It should also be noted that Patlabor tries to tackle mecha from a realistic standpoint and as a result there is very little action in this show and the movies.  The show deals more with their daily lives than big mecha drama. And I think most people that enjoy Patlabor enjoy the episodes with the least mecha action because the cast of characters are really memorable and fun.
Ragnaron Aug. 6, 2010 at 7:44 p.m.
This was a great article, and I am glad to see an into for others to a series I enjoy quite thoroughly. I feel that you left out one important aspect, though -- the work of Kenji Kawai, without whose music the show would have been somewhat lacking. His swinging marches compliment the spirit of the show perfectly.
CapeBarneson Aug. 6, 2010 at 10:17 p.m.
Patlabor is one my personal favorites. Note to self: I really need to rewatch every single part. 
Anyway, I'm liking all these old school anime articles lately. Keep them up, I say.
MrDirector786on Aug. 6, 2010 at 10:45 p.m.
Thanks for the intro. I'll check it out. I'm a huge fan of things with robots.
Count_Zeroon Aug. 7, 2010 at 12:32 a.m.
As an added little thing I didn't mention - the OVAs and TV series were licensed by Central Park Media, which would normally mean finding them would be tricky, except fortunately, last time I checked, Netflix had all of it.
roujuon Aug. 8, 2010 at 7:19 a.m.
Jeez guys, an anime with one of the most beautiful mecha design (Grifone, Zero & Alphonse is marvelous, hell even the German army mecha is awesome!) is not well known in USA? 
Wow, maybe cuz the pace is kinda slow and most of anime series is a filler (but important chara development) in daily life of Unit 2 eh? Give it a chance & U will hooked up with this series
ps: Did Goto and Shinobu ever did "it"? I mean there's a scene (spoiler warning) where they spend a night in the hotel right?
Count_Zeroon Aug. 8, 2010 at 11:09 a.m.
@rouju said:
"ps: Did Goto and Shinobu ever did "it"? I mean there's a scene (spoiler warning) where they spend a night in the hotel right? "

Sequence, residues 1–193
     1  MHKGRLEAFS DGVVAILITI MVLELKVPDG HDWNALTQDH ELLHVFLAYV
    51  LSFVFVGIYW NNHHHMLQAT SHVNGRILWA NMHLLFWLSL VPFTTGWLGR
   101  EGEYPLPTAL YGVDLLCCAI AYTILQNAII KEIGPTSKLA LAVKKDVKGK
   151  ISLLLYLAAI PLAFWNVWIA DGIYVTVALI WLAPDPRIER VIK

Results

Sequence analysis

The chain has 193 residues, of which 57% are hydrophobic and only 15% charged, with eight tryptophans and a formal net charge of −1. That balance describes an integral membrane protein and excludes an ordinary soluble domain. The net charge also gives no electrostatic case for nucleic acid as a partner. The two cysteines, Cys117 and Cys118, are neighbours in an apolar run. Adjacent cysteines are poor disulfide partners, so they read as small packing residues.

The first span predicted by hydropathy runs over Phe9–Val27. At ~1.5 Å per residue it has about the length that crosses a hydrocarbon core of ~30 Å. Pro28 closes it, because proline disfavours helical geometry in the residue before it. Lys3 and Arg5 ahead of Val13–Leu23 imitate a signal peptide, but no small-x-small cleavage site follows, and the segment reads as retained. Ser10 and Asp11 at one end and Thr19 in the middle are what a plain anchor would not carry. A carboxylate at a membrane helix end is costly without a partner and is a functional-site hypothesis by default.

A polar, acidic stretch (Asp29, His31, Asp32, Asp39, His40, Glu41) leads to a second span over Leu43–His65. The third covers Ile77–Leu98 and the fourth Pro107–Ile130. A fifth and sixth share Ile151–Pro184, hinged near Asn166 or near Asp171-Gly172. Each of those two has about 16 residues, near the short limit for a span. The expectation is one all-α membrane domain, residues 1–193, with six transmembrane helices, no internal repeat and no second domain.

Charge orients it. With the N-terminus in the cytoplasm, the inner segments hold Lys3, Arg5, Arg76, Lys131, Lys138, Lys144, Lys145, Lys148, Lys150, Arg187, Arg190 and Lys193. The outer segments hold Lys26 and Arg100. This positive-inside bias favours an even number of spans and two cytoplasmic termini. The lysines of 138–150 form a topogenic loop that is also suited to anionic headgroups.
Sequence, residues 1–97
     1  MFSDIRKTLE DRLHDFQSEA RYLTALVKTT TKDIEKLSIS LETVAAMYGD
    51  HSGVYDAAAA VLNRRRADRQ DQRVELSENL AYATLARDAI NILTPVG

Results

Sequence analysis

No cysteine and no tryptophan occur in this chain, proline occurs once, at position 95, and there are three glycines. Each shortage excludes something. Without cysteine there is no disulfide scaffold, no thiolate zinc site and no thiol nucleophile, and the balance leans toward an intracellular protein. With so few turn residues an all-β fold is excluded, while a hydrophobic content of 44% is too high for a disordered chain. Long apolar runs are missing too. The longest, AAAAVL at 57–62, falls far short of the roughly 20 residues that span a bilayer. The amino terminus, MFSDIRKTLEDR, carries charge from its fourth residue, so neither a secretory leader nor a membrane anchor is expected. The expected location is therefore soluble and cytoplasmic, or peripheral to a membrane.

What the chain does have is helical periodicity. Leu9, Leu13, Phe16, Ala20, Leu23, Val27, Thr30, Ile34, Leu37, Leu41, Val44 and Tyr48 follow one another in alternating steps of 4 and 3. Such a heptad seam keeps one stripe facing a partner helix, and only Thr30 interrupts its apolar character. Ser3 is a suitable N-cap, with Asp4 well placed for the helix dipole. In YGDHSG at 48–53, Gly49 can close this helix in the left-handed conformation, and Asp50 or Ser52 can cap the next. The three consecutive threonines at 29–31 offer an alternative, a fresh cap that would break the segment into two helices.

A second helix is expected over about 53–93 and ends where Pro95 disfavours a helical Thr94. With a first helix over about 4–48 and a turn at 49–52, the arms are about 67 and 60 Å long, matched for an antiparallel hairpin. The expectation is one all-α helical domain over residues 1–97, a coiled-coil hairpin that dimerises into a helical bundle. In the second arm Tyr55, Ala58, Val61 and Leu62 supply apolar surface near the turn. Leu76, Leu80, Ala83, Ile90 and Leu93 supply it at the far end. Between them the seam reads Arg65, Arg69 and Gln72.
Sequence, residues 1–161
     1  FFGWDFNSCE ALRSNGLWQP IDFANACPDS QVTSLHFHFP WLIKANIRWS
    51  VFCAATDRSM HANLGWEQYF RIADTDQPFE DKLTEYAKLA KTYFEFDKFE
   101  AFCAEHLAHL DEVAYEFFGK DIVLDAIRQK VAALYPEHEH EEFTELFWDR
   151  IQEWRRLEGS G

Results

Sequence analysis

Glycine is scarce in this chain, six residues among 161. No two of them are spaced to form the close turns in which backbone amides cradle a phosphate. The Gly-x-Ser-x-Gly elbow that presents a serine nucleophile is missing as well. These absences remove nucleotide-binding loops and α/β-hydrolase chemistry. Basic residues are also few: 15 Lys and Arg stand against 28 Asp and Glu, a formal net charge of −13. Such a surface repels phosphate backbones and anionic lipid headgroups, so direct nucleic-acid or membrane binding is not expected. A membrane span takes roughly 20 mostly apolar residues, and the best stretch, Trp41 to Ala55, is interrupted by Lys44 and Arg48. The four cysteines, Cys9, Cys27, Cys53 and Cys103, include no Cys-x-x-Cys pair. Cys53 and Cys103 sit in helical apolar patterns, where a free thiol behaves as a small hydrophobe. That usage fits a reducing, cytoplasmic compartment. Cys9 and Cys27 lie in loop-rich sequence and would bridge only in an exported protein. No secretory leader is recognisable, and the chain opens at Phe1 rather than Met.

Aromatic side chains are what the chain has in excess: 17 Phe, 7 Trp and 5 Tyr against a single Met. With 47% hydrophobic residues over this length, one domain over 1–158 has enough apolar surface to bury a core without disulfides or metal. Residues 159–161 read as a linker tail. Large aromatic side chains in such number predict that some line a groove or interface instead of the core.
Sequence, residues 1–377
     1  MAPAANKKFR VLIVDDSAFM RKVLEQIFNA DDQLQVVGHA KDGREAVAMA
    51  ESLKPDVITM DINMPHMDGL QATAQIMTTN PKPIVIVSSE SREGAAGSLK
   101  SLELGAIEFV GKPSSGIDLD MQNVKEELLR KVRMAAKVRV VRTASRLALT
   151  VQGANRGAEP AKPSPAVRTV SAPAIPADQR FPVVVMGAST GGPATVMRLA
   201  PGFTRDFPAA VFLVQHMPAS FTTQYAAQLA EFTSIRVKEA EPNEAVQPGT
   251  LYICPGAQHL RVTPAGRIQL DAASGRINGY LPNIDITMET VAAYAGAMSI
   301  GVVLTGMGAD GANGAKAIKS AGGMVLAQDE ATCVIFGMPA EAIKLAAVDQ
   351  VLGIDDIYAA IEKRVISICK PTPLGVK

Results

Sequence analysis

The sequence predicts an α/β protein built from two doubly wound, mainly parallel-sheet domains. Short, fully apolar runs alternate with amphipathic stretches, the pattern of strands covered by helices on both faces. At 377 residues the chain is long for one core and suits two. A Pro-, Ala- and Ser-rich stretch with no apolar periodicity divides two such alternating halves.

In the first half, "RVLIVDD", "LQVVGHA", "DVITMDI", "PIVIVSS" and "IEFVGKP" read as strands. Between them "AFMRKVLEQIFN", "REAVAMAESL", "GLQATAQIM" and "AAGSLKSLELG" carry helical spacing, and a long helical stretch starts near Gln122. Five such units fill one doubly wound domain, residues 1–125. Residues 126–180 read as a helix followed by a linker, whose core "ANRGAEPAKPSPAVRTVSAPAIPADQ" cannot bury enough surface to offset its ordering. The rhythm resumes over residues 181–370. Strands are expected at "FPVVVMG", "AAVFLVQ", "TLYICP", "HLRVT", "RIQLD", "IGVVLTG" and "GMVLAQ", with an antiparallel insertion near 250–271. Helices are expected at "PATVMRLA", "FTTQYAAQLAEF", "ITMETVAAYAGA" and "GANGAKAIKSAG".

I don't think they did it.
roujuon Aug. 8, 2010 at 5:44 p.m.
@Count_Zero:  Thnx dude, yep they didn't (only talk and sleep) if my memory serves me right (I wish they did, they would made such a great couple)
Longevitouson Aug. 8, 2010 at 11:27 p.m.
ive always wondered what that name meant
TekuTekuon Aug. 9, 2010 at 9:39 a.m.
To people watching Patlabor for the first time, I would strongly advise against watching WXIII as the last series in Patlabor , unless you wants to leave the series with a sense of being seriously underwhelmed. Watch WXIII fairly early on, don't save it for last. 
WXIII is incredibly SV2-lite, even more so than the investigation-driven Patlabor manga chapters the movie was based on. There might be something like 4 minutes worth of SV2 in all of WXIII, making them guest stars in their own supposed movie. While it's not a 'bad' movie per say, it almost certainly should not cap off the Patlabor franchise for you.  
Finally, was Mini Pato intentionally omitted from the list? I know it's not really a formal "series", closer to being extras really, but they really should be mentioned. They are quite delightful, and more charming an end to the series (being actually about our beloved SV2) as opposed to WXIII. 
Gozertcon Aug. 9, 2010 at 7:03 p.m.

Patlabor is one of my all time favorite animes in general, not just under the mecha heading. (I'm pretty sure it's number one on my Mecha list. ;) ) Good to see it listed.  It is deffenitly more of a cop show that just happens to have Mecha then a Mecha show that just happens to be based around cops.  The distinction is worth making.  
zaldaron Aug. 24, 2010 at 10 a.m.

so if three comes after two why did they call it three???  Thats really odd....but then that is japan for you I suppose..
Seancar2010on Sept. 7, 2010 at 10:44 p.m.
Dude, the first ova is totally awesome! 
Lemegeton300on Sept. 8, 2010 at 1:15 a.m.

i watched the first 2 movies many many years ago and was not really blown away. i liked the first one but did not really get much out of the second one. never saw the tv series. i might check it out now
LPon Sept. 14, 2010 at 2:17 p.m.
I saw this back On Demand with Comcast years ago, I tell ya there's nothing like the CLASSIC ANIMES! I had to keep explaining the story to my brother though he kept complaining about how "boring" he thought the show was, haha good times. =]
TobyD81on Dec. 19, 2010 at 4:57 a.m.
I love Patlabor. Glad to see it's getting some attention here.

Dig Deeper into Patlabor

A popular 1980s franchise featuring a police force that uses robots known as Labors to combat crime involving the same robots, often used in construction.